The American President, Joe Biden, was asked on Monday if the US would supply Ukraine with F-16s. He responded with a plain “No.” This intention was first expressed last week by German Chancellor Olaf Schultz when he said, “There will be no fighter jet deliveries to Ukraine. This was made clear very early, including from the U.S. president.” But some European leaders disagree with the German and American opinion. French President Macron and Dutch Prime Minister Rutte, said that “nothing is off limits” when it comes to supplying Ukraine with arms. However, support from the White House will be required for any transfers of F-16s.
On Tuesday Biden was asked if he plans to speak with Zelensky about his calls to supply F-16s. Biden responded, “We’re going to talk.” So far, Biden and other US military officials have shown great reluctance towards the idea of supplying jets to Ukraine due to concerns they’ll be used to strike Russian territory. Something that Russia has laid out as one of their major “red lines.”
In the last year we’ve seen reluctance by the US to supply Ukraine with other weapons systems that they ultimately supplied. Specifically the HIMARS and Abrams tanks. The Ukrainian Defense Minister, Oleksii Reznikov, recognized this when he spoke with NPR on Tuesday. During the interview, he said, “What is impossible today is absolutely possible tomorrow. One year ago everyone rejected HIMARS and no one could imagine Abrams tanks. I don’t think fighter jets are easier than ATACMS, but I believe we need to try to push.” He finished by saying, “I’m optimistic but I’m not sure it will happen tomorrow. At least people have started talking about it.” Another Ukrainian military official also recognized that NATO ultimately supplies them with advanced weapon systems despite initial reluctance. CNN reports that he said, “It’s going to come sooner or later.”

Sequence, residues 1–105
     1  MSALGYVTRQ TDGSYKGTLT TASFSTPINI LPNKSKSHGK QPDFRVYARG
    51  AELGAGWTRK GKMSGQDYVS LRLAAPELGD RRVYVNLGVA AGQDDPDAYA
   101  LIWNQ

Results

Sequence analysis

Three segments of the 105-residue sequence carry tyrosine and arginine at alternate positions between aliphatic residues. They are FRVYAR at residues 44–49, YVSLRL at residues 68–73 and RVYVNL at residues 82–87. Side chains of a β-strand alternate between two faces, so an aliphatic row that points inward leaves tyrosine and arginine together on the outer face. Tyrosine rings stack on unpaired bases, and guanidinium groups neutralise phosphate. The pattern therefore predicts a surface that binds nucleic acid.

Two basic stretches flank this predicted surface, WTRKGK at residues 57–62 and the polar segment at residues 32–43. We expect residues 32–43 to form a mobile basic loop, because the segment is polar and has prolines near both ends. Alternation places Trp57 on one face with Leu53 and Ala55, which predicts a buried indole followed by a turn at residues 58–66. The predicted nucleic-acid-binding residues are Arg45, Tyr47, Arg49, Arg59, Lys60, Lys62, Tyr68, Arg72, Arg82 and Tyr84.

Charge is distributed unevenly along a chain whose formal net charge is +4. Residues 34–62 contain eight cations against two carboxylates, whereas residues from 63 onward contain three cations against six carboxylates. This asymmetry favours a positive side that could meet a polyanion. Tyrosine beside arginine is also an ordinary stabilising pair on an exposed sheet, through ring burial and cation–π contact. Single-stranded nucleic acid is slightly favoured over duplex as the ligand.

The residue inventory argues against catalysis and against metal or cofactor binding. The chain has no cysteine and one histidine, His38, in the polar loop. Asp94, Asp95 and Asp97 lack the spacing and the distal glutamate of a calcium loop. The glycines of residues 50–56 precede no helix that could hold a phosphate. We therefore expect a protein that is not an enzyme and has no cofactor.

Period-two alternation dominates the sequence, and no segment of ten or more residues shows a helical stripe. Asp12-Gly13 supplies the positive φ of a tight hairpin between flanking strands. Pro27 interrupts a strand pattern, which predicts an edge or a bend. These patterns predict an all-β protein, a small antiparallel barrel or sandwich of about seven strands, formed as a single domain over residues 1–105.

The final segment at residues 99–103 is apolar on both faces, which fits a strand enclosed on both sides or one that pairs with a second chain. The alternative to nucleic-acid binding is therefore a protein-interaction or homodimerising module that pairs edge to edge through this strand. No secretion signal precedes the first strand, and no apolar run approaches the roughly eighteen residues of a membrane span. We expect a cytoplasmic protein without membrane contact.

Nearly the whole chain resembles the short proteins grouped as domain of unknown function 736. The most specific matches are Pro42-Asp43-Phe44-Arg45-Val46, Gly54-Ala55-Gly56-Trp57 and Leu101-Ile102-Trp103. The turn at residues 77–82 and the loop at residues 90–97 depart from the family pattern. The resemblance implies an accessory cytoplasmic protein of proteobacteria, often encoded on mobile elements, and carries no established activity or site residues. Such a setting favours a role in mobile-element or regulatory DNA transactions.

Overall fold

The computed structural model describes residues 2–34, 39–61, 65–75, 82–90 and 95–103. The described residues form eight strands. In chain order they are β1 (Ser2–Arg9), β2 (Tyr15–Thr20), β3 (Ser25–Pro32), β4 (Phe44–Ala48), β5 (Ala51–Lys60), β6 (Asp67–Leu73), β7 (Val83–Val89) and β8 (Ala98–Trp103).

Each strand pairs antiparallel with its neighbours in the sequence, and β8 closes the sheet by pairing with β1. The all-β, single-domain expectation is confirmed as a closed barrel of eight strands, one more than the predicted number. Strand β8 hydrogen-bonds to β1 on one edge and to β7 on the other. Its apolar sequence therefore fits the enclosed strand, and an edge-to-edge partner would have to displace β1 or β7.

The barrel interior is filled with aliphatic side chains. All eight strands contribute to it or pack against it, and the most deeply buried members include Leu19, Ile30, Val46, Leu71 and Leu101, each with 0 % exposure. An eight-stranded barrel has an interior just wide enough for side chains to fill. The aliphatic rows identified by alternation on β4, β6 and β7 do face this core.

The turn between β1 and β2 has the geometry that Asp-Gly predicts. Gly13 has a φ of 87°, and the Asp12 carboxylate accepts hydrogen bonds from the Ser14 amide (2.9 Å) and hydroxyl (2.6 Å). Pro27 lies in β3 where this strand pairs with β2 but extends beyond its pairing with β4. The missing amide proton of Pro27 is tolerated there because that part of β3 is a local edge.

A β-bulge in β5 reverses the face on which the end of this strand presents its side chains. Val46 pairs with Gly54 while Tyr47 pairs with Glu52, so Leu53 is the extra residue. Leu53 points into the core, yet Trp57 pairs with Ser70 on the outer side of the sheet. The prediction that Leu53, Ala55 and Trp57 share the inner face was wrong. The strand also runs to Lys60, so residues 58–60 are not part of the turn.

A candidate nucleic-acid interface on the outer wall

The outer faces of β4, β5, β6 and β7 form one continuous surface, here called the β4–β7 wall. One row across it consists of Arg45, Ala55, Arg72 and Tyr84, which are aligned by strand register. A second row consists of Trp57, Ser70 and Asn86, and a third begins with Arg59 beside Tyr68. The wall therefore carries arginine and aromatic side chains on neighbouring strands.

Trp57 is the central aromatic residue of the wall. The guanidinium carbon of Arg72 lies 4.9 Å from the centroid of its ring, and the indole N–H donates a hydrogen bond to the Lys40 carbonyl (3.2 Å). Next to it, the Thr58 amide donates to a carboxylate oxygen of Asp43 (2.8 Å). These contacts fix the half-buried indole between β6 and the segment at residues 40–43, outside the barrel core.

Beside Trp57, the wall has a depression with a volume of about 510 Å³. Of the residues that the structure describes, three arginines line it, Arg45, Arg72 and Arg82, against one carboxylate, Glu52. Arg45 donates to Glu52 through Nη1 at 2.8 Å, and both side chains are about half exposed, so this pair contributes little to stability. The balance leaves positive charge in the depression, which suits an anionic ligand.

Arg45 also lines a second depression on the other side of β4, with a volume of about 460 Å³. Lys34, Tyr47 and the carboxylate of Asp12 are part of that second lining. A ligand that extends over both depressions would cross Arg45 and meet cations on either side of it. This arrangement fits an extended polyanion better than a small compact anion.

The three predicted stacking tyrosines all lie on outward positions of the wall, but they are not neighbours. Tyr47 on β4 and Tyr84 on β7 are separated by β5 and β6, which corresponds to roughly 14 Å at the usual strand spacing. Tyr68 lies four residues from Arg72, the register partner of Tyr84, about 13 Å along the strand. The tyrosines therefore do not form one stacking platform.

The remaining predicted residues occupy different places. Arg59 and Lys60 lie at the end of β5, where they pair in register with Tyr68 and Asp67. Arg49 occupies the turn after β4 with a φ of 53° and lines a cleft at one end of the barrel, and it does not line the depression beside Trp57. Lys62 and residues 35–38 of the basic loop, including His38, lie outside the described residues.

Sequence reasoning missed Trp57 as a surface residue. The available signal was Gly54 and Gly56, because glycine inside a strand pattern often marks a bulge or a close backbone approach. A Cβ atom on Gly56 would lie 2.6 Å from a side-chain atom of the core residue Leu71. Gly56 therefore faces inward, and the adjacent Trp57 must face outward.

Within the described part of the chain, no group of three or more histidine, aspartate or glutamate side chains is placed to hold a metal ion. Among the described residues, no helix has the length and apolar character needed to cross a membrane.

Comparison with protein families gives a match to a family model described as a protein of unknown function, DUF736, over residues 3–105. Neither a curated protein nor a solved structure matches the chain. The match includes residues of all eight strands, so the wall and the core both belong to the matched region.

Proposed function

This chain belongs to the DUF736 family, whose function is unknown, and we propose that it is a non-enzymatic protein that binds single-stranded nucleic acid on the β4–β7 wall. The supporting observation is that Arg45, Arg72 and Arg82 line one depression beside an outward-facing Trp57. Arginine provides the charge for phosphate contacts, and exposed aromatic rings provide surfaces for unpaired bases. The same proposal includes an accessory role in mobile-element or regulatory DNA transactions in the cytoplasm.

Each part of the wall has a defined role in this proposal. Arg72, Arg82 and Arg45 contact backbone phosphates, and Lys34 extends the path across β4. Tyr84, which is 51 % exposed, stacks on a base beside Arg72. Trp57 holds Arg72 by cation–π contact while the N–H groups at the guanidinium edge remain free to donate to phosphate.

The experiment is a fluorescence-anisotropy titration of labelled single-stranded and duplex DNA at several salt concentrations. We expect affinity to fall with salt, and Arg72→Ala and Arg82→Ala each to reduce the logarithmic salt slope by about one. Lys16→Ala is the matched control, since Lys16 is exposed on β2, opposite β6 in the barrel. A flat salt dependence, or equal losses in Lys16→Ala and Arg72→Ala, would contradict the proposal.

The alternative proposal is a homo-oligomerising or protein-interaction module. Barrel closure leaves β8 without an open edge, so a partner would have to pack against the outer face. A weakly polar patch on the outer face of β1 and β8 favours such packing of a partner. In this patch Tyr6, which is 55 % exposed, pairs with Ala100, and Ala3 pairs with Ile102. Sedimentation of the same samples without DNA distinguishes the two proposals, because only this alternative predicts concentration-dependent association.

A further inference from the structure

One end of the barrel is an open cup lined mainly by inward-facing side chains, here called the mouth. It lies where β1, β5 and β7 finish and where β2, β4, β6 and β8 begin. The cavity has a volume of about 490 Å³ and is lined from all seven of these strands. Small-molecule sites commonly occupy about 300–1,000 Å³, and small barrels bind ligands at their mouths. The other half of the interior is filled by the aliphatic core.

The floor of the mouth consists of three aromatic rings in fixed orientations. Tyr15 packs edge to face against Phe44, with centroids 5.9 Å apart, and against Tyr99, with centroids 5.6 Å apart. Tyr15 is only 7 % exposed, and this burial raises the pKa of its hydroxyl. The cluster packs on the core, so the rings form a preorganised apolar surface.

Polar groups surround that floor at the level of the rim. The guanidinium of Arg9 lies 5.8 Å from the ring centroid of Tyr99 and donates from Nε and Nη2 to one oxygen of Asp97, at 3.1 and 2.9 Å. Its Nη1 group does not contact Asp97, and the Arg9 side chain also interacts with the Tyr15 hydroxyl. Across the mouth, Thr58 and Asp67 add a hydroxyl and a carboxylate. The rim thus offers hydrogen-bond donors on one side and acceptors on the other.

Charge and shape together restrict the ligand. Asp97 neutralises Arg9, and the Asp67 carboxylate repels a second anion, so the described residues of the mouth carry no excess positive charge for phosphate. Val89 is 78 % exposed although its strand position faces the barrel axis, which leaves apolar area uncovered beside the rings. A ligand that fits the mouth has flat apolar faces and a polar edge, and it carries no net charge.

In March of last year the US considered a plan which would’ve had Poland supply MiG-29s to Ukraine and the US would backfill the Polish fighter inventory with F-16s. American officials abandoned that plan saying it would be too escalatory. But recently American officials have said that their reluctance to supply F-16s is now more about logistical issues rather than concerns about escalating tensions between the worlds two largest nuclear powers. American officials view supplying F-16s as something that would take years rather than months. “We are providing them what we think they are capable of operating, maintaining, and sustaining,” deputy Pentagon press secretary Sabrina Singh said last week. “The F-16 — this is a very complicated system.”